Linear programming is the process of taking various linear inequalities relating to some situation, and finding the “best” value obtainable under those conditions. A typical example would be taking the limitations of materials and labor, and then determining the “best” production levels for maximal profits under those conditions.
In “real life”, linear programming is part of a very important area of mathematics called “optimization techniques”. This field of study (or at least the applied results of it) are used every day in the organization and allocation of resources. These “real life” systems can have dozens or hundreds of variables, or more. In algebra, though, you’ll only work with the simple (and graphable) two-variable linear case.
The general process for solving linear-programming exercises is to graph the inequalities (called the “constraints”) to form a walled-off area on the x,y-plane (called the “feasibility region”). Then you figure out the coordinates of the corners of this feasibility region (that is, you find the intersection points of the various pairs of lines), and test these corner points in the formula (called the “optimization equation”) for which you’re trying to find the highest or lowest value.
Example 1. Minimize z=3x–y subject to x–y≤1, x+y≤5, x≥0, and y≥0.
|vertex||value of z at vertex|
The minimum value of z is –5 and this occurs at (0, 5).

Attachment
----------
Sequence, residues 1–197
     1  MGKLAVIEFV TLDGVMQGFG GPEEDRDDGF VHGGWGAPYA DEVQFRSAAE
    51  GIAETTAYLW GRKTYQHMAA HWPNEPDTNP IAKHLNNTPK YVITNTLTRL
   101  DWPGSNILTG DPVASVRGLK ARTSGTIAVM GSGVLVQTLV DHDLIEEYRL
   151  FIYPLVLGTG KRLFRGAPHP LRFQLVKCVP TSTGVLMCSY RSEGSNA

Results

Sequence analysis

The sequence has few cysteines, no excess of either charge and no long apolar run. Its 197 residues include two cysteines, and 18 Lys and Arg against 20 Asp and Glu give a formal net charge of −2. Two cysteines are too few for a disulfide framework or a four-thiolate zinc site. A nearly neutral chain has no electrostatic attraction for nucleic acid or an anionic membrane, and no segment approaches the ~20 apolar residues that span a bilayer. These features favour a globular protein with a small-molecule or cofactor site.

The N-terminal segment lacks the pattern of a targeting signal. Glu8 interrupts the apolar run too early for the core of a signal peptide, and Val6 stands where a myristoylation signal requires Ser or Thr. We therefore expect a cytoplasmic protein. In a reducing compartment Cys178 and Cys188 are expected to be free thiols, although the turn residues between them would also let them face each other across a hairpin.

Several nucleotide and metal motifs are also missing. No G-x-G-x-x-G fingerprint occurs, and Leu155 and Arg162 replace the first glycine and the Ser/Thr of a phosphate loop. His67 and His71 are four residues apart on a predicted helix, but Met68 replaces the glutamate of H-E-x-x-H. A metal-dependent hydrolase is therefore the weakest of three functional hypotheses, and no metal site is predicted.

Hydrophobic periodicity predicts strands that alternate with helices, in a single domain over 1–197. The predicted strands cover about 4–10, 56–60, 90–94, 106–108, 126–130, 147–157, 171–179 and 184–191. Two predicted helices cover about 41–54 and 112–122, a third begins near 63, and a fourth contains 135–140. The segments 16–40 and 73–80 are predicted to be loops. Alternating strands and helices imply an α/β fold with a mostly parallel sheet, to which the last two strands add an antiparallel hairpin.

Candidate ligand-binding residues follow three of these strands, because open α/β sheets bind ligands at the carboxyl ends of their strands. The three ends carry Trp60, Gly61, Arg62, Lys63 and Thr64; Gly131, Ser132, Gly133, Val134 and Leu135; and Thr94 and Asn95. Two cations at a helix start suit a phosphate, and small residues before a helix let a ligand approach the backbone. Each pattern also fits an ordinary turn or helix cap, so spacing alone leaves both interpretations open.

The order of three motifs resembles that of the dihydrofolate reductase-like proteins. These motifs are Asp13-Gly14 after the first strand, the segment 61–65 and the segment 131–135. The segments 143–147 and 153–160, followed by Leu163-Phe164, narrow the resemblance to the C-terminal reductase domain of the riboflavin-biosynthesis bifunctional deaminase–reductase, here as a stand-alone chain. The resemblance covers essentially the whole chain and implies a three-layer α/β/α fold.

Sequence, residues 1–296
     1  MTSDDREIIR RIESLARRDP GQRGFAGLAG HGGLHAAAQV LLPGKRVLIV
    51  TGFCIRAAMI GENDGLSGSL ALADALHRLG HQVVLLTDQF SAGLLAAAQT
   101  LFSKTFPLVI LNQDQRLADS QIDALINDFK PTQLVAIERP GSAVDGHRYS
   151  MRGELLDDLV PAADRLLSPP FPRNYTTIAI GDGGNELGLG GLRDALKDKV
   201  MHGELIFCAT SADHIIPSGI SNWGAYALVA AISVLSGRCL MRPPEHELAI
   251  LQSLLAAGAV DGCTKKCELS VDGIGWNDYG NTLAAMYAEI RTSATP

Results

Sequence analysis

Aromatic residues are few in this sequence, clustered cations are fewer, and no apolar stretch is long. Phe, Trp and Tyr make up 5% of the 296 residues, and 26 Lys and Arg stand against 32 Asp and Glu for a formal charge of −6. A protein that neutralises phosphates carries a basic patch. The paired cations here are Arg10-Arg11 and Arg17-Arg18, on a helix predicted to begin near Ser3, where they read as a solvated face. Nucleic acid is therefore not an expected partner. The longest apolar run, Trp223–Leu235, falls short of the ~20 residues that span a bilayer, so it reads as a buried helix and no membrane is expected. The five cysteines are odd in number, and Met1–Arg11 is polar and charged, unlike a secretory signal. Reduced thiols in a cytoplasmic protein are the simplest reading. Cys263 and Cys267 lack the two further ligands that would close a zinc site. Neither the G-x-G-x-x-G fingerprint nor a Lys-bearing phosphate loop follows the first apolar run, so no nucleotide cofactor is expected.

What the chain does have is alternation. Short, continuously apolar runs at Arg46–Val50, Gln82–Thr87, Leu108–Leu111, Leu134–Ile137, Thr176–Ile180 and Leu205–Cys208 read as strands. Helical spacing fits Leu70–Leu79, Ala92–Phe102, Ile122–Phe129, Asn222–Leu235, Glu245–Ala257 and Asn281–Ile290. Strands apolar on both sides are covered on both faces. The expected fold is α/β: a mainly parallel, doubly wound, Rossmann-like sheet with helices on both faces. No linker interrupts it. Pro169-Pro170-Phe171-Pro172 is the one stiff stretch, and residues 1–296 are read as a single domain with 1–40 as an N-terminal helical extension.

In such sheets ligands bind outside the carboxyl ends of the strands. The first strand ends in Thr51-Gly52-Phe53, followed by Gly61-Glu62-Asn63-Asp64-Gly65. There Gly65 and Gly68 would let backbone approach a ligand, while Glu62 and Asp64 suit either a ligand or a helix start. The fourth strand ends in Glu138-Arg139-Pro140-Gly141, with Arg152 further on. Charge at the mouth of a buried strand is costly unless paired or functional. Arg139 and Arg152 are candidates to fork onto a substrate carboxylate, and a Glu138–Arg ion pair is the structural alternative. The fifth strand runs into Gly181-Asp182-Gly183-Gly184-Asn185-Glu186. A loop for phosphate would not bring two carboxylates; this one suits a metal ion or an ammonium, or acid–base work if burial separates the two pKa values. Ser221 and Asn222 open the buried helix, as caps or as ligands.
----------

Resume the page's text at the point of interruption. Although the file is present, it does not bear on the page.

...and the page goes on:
Solve the following linear programming problem graphically:
subject to the constraints:
The shaded region in Fig-2 is the feasible region ABC determined by the system of constraints (2) to (4), which is bounded. The coordinates of corner points
|Corner Point||Corresponding value of Z|
2300 ← minimum
A, B and C are (0,5), (4,3) and (0,6) respectively. Now we evaluate Z=200x+500y at these points.
Hence, minimum value of Z is 2300 attained at the point (4, 3)
Example 3: Minimizing an Objective Function
Find the minimum value of the objective function
z=5x+7y [Objective function]
where x≥0 and y≥0, subject to the constraints
The region bounded by the constraints is shown in Fig-3,
By testing the objective function at each vertex, you obtain
|At (0,2): z=5(0)+7(2)=14 (Minimum value of z)
At (0,4): z=5(0)+7(4)=28
At (1,5): z=5(1)+7(5)=40
At (6,3): z=5(6)+7(3)=51
At (5,0): z=5(5)+7(0)=25
At (3,0): z=5(3)+7(0)=15.
So, the minimum value of z is 14, and this occurs when x=0 and y=2.
Example 4. Minimise Z=3x+5y subject to the constraints:
We first draw the graphs of x+2y=10, x+y=6, 3x+y=8. The shaded region ABCD is the feasible region (R) determined by the above constraints. The feasible region is unbounded. Therefore, minimum of Z may or may not occur. If it occurs, it will be on the corner point.
|Corner Point||Value of Z|
Let us draw the graph of 3x+5y<26 as shown in Fig-4 by dotted line. We see that the open half plane determined by 3x+5y<26 and R do not have a point in common. Thus, 26 is the minimum value of Z.